Moreover, the Foreign Office was concerned that the opening of Delagoa Bay could signal the involvement of other nations in the Transvaal, which could threaten the Cape Colony. This concern was intensified by the fact that some German merchants had already approached Bismark with the proposition that he annex the Transvaal, which proposition, although rejected, raised the possibility of the Boers requesting German protection, which in turn raised the possibility of the appearance of a foreign and unfriendly power in the Cape which could threaten Britain's position there. These fears were further stoked by the trip that Thomas Burgers, the president of Transvaal took to Europe, during which he tried to negotiate a loan for a railway, as well as possible European alliances.

The second issue that prompted the annexation was native policy and Boer relations with local African kingdoms. The British considered these relations a problem ever since the founding of the ZAR. Only one year after the Sand Rivers Convention, the Lieutenant-Governor of Natal, Benjamin Pine, reported that the Boers had interpreted the treaty as having placed Zululand under their exclusive control. Pine stated that such a union of the Zulus and the Boers, who had wanted to create a settlement in the North-West corner of Zululand, would imperil the safety of Natal.[14] This combination meant that control of the land around the areas of Utrecht would be in dispute between the Boers and the Zulus, raising tension in the region. The Boers had also been acting provocatively towards the Bantu peoples living in Bechuanaland: for instance, in 1852, Boer commandos raided the town of Kwena, taking many prisoners, and in 1857 a Boer commandos led another raid on Batlhaping, after claiming that the tribesmen stole their cattle. For the British, these conflicts had a high chance for escalating and presented big problems no matter how they turned out: if the Boers won in their war against the Zulus, there would be a substantial increase of Zulu refugees into the already crowded area of Natal, and the displacement of peoples had been shown to create an atmosphere conducive to war, as shown by the Xhosa wars). If the Zulus won, other independent tribes such as the Bantu, the Pondo, Swazi, Bapedi, and others, would gain confidence that they might obtain their independence from the British or at least offer the British resistance, endangering the Cape Colony. Annexation was therefore the only way of preventing either of these outcomes.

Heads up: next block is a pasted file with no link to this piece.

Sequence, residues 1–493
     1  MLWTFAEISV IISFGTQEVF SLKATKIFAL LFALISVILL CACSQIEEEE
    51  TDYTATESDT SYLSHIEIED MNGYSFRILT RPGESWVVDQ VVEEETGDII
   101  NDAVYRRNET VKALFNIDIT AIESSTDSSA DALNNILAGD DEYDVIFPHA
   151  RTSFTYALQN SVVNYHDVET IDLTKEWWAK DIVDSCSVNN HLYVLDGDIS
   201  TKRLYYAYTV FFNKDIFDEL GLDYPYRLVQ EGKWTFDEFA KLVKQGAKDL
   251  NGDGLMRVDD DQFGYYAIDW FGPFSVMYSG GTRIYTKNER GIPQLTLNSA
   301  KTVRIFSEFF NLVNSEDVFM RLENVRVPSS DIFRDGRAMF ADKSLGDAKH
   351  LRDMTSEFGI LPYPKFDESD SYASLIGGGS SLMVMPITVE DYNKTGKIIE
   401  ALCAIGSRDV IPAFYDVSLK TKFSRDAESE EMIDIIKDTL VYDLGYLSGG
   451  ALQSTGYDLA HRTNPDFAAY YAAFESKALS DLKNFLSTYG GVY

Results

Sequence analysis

What precipitated action and confirmed the aforementioned fears was that in 1876, war broke out between the Boers and the Bapedi chief Sekhukhune. Initially, the Boers faced heavy defeats: the Republic was close to bankruptcy and its siege of Sekhukhune's stronghold failed because commando members objected to Burgers's theology, calling him a heretic, and abandoned the siege in droves. Sir Henry Barkley exaggerated this failure as a major and decisive defeat of the Boers, and was thereby led to anticipate an immediate application to the High Commissioner to take over the country. A. N. Pelzer wrote: "Although Sekhukhune made overtures for peace, he was not defeated and this fact, together with the shaky financial position, gave Sir Theophilus Shepstone the pretext he required to annex the republic [as the Transvaal, a British colony, on 12 April 1877]."[15][16] Barkly's warning hastened the action of Lord Carnarvon and led to the dispatch of Sir Theophilus Shepstone, who happened to be in England, on his mission as special commissioner "to carry out any negotiations which may be found necessary and practicable." Shepstone's warrant authorised him to annex the Transvaal, provided he was satisfied that a sufficient number of the inhabitants, or the legislature, desired it.[11] By the time Shepstone arrived, however, the Bapedi and the Boers had signed a peace treaty. However, this conflict cannot be lightly dismissed as "the picturesque pretext" for annexation.[17] In spite of the Boer "victory," on 16 February 1877, the Boers and Bapedi, mediated by Alexander Merensky, signed a peace treaty at Botshabelo). Nonetheless, the situation could not be described as anything but critical. The war had been expensive, leading the government of the Republic to be insolvent, and the desertion of Boer commandos gave the Zulus, the arch-enemies of the Boers, the impression that the Transvaal was weak, as they had been barely able to defeat Sekhukhune, who they considered a minor vassal. In the spring and summer of 1876–77, frontier skirmishes between the Zulus and Boers flared up once again, and Cetewayo, the Zulu king, began moving his impis towards the border between the Transvaal and Zululand.